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  • Gerald Tindal

Day 17: Movement and transition


Karsten,


I’m so sorry about being mad yesterday. I was mad at everything. You should not be dead and Dan should not be in the hospital. Sev and Mads should not be grieving for their mates whether new found over months or long held over years. And your mom and I should be rolling through the summer with mornings of making your lunch and afternoons of hanging out with you at the Karsten Bar, the 14 foot granite stone at the head end of the forest. So I’ve transitioned and can only hope this is true for us and others.


The change yesterday was palpable. It highlighted the difference between these two words. Movement is so direct in its meaning. Action. Transition is much loftier. Reflective. Yesterday was both.


In the late morning, a gray day with mist unusual for Oregon, we drove to Musgrove, the funeral home where you were cremated. The change from the overcast mist outside to the somber shades of pale inside were just the beginning of the transition in our life as we moved through the hall to the same room where we had sat completing forms one week earlier. We moved past a couch in place for symbolic reasons across the hallway from a chapel, a room for attending a funeral with seating in unmovable rows. It all seemed so foreign. We sat in the same order as Dennis brought in your urns, very awkwardly placed in a bag. Yes, the cruel reality of your death now rests in ashes. But they were/are beautiful urns, as urns go. You would be pleased. It’s all about the UO Ducks. Some small urns for family, some bracelet urns for the gals. And the big Dogg urn for us to take home.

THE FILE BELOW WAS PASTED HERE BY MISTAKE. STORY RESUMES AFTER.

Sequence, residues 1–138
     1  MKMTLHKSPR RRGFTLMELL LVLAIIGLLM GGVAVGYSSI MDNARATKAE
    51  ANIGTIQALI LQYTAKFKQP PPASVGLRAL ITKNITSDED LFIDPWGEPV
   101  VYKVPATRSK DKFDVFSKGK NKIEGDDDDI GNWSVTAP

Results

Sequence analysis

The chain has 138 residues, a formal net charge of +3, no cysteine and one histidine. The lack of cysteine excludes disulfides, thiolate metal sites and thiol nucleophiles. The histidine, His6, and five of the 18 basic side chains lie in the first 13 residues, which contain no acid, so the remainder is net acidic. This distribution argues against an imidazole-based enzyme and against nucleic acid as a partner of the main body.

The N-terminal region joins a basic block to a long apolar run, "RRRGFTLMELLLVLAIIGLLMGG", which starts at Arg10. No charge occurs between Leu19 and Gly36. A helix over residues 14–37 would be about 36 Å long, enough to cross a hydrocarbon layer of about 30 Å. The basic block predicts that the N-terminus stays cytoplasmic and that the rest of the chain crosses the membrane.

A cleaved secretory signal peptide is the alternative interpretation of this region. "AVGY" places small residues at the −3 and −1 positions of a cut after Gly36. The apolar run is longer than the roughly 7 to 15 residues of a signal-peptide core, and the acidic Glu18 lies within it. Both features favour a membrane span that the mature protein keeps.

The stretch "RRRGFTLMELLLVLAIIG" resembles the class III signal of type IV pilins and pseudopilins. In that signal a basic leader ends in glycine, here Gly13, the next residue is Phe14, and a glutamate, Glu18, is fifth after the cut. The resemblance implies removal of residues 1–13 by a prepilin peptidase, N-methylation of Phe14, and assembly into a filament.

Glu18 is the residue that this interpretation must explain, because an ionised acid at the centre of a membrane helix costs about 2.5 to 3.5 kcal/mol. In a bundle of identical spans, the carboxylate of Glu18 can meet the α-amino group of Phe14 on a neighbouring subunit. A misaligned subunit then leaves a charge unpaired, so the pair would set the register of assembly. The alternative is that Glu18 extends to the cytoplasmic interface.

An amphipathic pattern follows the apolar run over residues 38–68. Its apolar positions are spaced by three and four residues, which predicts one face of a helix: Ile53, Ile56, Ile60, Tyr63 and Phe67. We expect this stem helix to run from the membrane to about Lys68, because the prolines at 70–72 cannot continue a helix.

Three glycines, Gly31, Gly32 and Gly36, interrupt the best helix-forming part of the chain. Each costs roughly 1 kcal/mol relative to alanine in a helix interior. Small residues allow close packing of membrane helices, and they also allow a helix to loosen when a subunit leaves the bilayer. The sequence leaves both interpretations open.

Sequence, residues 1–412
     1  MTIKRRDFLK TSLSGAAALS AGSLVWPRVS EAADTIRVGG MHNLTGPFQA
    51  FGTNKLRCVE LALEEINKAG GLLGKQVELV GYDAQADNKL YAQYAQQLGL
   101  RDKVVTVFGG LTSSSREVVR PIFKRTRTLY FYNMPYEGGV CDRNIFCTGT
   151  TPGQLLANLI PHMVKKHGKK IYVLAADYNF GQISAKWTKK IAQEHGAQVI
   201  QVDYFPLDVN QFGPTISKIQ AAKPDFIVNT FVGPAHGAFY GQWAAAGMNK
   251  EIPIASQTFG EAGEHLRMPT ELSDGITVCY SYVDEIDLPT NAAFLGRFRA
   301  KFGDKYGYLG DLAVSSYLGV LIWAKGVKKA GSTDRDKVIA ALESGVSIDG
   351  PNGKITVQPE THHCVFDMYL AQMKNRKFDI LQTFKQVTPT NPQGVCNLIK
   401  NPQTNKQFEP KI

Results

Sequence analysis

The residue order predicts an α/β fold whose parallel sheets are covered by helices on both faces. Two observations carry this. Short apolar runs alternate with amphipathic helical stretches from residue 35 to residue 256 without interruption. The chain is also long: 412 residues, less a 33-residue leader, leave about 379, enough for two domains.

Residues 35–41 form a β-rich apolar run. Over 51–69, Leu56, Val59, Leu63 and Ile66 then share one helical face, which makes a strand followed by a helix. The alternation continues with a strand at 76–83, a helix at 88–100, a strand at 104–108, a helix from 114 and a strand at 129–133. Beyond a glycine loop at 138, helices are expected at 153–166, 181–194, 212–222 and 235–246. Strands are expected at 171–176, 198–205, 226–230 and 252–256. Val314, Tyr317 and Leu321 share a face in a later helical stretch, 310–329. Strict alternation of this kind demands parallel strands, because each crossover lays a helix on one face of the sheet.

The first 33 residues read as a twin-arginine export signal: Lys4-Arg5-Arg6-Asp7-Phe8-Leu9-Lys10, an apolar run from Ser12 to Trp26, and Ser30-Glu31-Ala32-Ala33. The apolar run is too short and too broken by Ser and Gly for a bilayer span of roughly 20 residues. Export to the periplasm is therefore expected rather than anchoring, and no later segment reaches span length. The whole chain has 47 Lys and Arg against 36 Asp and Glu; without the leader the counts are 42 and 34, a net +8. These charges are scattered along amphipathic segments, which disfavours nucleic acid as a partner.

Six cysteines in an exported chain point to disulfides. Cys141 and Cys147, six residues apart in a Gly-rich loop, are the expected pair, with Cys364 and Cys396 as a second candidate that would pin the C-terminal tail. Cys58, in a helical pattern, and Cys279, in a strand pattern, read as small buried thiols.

Dennis was his usual careful self, clear and slow, pedantic. It must be the practice of this industry as someone in a hurry over matters of death would be odd. The juxtaposition of checking all the urns with an order form was strange, very strange. Another manifestation of transition but now as a transaction. He was kind in his comments about never having seen a family so accepting of this death forced upon us with no vilification, no hate, no anger, pointing to a cause or a person. Death has no reason even though we often try to impose one. Usually, it’s an aftermath. Always a conjecture. No ability to refute.


The drive back to the house was movement. Past the old Hyundai plant, past Churchill High School, past the SEHS high school football field. We walked into the house and this movement settled into a transition. The radio was playing. KRVM, your mom’s favorite station. Procol Harum: A Whiter Shade of Pale. “She said, 'There is no reason'…And the truth is plain to see”.

You now live in the kitchen with us. A beautiful urn in a beautiful hutch with a glass case. You always loved cooking and eating. So there. And if I squint hard enough, I can see you seated next to us at the dinner table.


Dad


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